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Greenhouse Gas Mitigation in a Carbon Constrained World: The Role of Carbon Capture and Storage

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  • Barbara Praetorius
  • Katja Schumacher

Abstract

In a carbon constrained world, at least four classes of greenhouse gas mitigation options are available: Energy efficiency, fuel switching, introduction of carbon dioxide capture and storage along with renewable generating technologies, and reductions in emissions of non-CO2 greenhouse gases. The role of energy technologies is considered crucial in climate change mitigation. In particular, carbon capture and storage (CCS) promises to allow for low-emissions fossil-fuel based power generation. The technology is under development; a number of technological, economic, environmental and safety issues remain to be solved. With regard to its sustainability impact, CCS raises a number of questions: On the one hand, CCS may prolong the prevailing coal-to-electricity regime and countervail efforts in other mitigation categories. On the other hand, given the indisputable need to continue using fossil fuels for some time, it may serve as a bridging technology towards a sustainable energy future. In this paper, we discuss the relevant issues for the case of Germany. We provide a survey of the current state of the art of CCS and activities, and perform an energy-environment-economic analysis using a general equilibrium model for Germany. The model analyzes the impact of introducing carbon constraints with respect to the deployment of CCS, to the resulting greenhouse gas emissions, to the energy and technology mix and with respect to interaction of different mitigation efforts. The results show the relative importance of the components in mitigating greenhouse gas emissions in Germany. For example, under the assumption of a CO2 policy, both energy efficiency and CCS will contribute to climate gas mitigation. A given climate target can be achieved at lower marginal costs when the option of CCS is included. We conclude that, given an appropriate legal and policy framework, CCS, energy efficiency and some other mitigation efforts are complementary measures and should form part of a broad mix of measures required for a successful CO2 mitigation strategy.

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File URL: http://www.diw.de/documents/publikationen/73/diw_01.c.89042.de/dp820.pdf
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Bibliographic Info

Paper provided by DIW Berlin, German Institute for Economic Research in its series Discussion Papers of DIW Berlin with number 820.

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Length: 38 p.
Date of creation: 2008
Date of revision:
Handle: RePEc:diw:diwwpp:dp820

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References

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  1. Rubin, Edward S. & Yeh, Sonia & Antes, Matt & Berkenpas, Michael & Davison, John, 2007. "Use of experience curves to estimate the future cost of power plants with CO2 capture," Institute of Transportation Studies, Working Paper Series qt46x6h0n0, Institute of Transportation Studies, UC Davis.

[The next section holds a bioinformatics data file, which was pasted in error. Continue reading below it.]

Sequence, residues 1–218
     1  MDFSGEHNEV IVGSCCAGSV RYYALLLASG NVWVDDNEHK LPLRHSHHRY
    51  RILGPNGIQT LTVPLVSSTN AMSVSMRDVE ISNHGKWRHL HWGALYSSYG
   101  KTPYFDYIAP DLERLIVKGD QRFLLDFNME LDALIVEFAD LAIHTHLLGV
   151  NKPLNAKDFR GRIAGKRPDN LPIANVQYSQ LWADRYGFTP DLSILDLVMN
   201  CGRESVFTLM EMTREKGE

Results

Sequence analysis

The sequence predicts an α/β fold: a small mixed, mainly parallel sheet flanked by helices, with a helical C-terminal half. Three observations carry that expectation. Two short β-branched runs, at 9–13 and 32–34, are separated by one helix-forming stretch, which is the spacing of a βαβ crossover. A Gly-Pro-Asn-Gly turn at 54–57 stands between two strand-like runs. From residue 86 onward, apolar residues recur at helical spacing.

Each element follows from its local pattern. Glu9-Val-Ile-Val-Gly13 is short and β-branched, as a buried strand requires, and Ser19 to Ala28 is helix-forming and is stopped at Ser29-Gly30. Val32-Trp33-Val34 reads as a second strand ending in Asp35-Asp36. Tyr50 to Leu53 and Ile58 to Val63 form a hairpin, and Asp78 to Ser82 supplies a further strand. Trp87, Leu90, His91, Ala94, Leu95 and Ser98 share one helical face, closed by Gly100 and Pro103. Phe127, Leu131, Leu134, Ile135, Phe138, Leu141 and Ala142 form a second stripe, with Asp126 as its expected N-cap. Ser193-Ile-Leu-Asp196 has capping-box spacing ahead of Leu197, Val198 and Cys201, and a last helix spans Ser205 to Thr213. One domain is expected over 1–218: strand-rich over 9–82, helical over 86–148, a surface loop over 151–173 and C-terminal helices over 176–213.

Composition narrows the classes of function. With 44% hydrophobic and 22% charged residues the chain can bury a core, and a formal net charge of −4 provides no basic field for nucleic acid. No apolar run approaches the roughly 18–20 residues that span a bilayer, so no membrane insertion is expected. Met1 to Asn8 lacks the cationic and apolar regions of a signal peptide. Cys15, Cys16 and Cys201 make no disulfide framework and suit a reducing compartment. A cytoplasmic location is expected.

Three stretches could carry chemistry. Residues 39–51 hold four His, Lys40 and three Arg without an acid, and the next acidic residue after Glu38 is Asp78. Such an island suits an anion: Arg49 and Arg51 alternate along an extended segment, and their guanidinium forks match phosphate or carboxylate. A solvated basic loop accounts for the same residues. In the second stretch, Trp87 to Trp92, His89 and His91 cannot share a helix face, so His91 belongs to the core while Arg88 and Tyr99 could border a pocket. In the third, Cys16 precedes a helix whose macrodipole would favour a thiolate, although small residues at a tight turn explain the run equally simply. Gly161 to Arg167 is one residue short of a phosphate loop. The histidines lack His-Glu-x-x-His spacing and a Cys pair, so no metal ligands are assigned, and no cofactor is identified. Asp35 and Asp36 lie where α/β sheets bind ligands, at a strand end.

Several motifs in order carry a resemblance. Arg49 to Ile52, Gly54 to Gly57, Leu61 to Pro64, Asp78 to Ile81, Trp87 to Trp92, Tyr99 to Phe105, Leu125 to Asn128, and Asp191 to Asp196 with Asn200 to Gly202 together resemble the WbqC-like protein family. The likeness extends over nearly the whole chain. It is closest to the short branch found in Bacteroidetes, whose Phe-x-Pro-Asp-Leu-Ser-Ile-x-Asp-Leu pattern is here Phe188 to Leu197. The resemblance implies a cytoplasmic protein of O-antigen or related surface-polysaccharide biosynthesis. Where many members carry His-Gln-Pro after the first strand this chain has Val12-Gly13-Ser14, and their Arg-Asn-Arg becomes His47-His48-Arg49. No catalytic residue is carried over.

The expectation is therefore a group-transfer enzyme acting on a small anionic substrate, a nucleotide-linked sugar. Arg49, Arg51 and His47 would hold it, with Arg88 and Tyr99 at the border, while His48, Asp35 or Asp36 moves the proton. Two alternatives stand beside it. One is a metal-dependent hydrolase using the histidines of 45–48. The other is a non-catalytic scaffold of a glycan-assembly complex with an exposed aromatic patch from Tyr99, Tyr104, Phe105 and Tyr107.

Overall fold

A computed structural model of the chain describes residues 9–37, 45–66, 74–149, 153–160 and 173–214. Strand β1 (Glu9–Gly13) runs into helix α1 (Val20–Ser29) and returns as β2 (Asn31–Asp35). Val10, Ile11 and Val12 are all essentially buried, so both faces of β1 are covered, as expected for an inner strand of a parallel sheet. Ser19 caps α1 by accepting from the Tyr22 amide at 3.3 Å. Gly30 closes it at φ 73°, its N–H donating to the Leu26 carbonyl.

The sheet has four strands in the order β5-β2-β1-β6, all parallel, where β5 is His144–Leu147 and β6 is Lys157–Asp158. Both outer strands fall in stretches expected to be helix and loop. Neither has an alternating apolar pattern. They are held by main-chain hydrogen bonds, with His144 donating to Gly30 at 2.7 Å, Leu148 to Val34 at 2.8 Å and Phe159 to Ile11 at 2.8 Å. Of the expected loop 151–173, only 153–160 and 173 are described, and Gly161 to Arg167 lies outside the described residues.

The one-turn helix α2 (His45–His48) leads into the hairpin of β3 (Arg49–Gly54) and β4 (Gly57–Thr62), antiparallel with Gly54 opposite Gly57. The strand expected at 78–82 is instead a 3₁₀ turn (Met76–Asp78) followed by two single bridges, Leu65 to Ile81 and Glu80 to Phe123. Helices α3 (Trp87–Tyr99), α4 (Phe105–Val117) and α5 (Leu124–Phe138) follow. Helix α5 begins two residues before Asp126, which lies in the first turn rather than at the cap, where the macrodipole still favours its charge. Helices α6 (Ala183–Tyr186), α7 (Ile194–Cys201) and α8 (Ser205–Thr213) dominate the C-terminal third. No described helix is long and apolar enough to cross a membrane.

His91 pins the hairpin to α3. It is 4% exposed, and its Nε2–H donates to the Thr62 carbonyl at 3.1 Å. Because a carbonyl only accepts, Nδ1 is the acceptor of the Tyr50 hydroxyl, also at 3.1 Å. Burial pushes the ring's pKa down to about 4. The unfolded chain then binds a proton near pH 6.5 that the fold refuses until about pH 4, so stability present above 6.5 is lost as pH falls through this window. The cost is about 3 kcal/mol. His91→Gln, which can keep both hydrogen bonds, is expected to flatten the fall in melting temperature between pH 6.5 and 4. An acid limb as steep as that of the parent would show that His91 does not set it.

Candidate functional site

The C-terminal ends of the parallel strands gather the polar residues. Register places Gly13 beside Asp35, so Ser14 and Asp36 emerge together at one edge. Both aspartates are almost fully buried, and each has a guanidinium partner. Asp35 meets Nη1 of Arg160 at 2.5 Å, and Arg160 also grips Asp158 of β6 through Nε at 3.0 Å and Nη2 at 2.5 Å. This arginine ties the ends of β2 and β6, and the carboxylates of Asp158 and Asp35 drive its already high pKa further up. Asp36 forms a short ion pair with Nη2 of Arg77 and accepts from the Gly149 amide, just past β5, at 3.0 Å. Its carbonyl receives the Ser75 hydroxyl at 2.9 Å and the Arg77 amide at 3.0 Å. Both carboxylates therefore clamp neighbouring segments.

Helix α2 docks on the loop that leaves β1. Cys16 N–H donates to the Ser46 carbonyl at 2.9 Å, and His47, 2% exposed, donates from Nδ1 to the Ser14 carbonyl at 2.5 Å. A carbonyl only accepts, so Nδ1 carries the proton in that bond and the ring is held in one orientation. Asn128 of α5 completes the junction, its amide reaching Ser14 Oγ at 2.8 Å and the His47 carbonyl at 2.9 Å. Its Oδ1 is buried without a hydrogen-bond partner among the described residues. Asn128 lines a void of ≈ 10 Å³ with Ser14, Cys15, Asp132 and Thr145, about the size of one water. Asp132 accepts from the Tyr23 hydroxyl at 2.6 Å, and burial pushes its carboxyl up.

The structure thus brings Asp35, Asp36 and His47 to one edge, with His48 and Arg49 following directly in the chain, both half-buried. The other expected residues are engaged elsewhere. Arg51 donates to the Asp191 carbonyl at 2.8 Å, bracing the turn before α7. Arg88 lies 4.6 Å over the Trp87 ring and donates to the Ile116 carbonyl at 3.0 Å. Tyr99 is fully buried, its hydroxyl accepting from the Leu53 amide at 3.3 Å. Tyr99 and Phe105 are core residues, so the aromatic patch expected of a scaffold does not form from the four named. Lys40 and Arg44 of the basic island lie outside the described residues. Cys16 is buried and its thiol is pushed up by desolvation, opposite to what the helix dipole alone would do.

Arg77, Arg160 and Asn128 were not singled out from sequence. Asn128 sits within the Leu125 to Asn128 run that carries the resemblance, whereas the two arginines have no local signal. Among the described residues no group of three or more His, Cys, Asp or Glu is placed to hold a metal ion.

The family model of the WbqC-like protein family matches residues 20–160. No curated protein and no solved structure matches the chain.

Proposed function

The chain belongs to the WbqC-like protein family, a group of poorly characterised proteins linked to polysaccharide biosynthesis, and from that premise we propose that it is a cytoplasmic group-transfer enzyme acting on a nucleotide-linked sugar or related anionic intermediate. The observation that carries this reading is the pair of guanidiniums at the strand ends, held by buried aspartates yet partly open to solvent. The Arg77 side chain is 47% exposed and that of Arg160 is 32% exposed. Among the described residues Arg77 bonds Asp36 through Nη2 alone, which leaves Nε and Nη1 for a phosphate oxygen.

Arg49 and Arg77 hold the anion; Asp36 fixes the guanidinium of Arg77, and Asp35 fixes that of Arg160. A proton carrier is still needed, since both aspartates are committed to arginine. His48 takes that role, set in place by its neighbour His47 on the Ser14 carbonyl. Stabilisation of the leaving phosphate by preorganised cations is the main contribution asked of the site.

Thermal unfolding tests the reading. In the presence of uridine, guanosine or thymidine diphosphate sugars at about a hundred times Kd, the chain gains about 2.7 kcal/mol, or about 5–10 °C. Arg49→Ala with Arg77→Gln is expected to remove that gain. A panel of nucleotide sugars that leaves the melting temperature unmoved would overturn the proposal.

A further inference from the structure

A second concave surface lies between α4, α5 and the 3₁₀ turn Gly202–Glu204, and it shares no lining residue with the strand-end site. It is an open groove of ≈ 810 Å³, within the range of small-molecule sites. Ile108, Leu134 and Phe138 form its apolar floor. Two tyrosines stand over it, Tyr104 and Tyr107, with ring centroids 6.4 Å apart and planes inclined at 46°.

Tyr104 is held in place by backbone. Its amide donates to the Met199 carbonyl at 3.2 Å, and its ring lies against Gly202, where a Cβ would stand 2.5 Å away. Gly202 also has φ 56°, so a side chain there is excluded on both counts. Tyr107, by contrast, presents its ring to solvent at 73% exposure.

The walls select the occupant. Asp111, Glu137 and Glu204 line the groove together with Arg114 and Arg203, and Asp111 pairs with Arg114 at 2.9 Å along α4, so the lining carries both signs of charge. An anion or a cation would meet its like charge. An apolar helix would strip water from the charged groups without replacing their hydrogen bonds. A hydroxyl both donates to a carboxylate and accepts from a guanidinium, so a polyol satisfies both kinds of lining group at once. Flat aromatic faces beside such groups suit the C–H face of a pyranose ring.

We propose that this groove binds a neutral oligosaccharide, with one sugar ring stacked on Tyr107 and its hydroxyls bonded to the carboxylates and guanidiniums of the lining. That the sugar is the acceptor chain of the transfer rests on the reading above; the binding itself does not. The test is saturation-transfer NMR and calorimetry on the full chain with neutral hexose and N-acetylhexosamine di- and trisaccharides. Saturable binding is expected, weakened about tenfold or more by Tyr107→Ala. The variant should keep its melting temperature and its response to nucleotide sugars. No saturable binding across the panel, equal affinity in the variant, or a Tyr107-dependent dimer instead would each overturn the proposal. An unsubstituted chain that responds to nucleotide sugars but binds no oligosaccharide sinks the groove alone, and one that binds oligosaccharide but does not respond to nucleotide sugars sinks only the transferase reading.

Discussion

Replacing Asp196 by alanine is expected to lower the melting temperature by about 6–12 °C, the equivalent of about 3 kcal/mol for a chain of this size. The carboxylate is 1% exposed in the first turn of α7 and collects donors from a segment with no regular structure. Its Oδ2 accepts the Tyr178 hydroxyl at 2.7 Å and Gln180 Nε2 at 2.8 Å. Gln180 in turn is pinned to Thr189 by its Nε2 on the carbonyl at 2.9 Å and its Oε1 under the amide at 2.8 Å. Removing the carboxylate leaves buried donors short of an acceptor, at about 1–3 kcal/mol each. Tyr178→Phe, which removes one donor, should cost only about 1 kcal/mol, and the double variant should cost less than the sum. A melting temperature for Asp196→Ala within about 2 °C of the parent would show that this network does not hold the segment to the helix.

2. Unruh, Gregory C. & Carrillo-Hermosilla, Javier, 2006. "Globalizing carbon lock-in," Energy Policy, Elsevier, vol. 34(10), pages 1185-1197, July.
  3. Sands, Ronald D., 2004. "Dynamics of carbon abatement in the Second Generation Model," Energy Economics, Elsevier, vol. 26(4), pages 721-738, July.
  4. Unruh, Gregory C., 2000. "Understanding carbon lock-in," Energy Policy, Elsevier, vol. 28(12), pages 817-830, October.
  5. Unruh, Gregory C., 2002. "Escaping carbon lock-in," Energy Policy, Elsevier, vol. 30(4), pages 317-325, March.
  6. Katja Schumacher & Ronald D. Sands, 2005. "Innovative Energy Technologies and Climate Policy in Germany," Discussion Papers of DIW Berlin 509, DIW Berlin, German Institute for Economic Research.
  7. Martinsen, Dag & Linssen, Jochen & Markewitz, Peter & Vogele, Stefan, 2007. "CCS: A future CO2 mitigation option for Germany?--A bottom-up approach," Energy Policy, Elsevier, vol. 35(4), pages 2110-2120, April.
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Cited by:
  1. Bowen, Frances, 2011. "Carbon capture and storage as a corporate technology strategy challenge," Energy Policy, Elsevier, vol. 39(5), pages 2256-2264, May.
  2. Rogge, Karoline S. & Hoffmann, Volker H., 2010. "The impact of the EU ETS on the sectoral innovation system for power generation technologies - Findings for Germany," Energy Policy, Elsevier, vol. 38(12), pages 7639-7652, December.
  3. Wang, Bing & Kocaoglu, Dundar F. & Daim, Tugrul U. & Yang, Jiting, 2010. "A decision model for energy resource selection in China," Energy Policy, Elsevier, vol. 38(11), pages 7130-7141, November.
  4. Setiawan, Andri D. & Cuppen, Eefje, 2013. "Stakeholder perspectives on carbon capture and storage in Indonesia," Energy Policy, Elsevier, vol. 61(C), pages 1188-1199.
  5. Rübbelke, Dirk & Vögele, Stefan, 2013. "Effects of carbon dioxide capture and storage in Germany on European electricity exchange and welfare," Energy Policy, Elsevier, vol. 59(C), pages 582-588.
  6. Sören Lindner & Sonja Peterson & Wilhelm Windhorst, 2009. "An Economic and Environmental Assessment of Carbon Capture and Storage (CCS) Power Plants – A Case Study for the City of Kiel," Kiel Working Papers 1527, Kiel Institute for the World Economy.
  7. Arvesen, Anders & Bright, Ryan M. & Hertwich, Edgar G., 2011. "Considering only first-order effects? How simplifications lead to unrealistic technology optimism in climate change mitigation," Energy Policy, Elsevier, vol. 39(11), pages 7448-7454.
  8. Kemp-Benedict, Eric, 2013. "Resource Return on Investment under Markup Pricing," MPRA Paper 49154, University Library of Munich, Germany.

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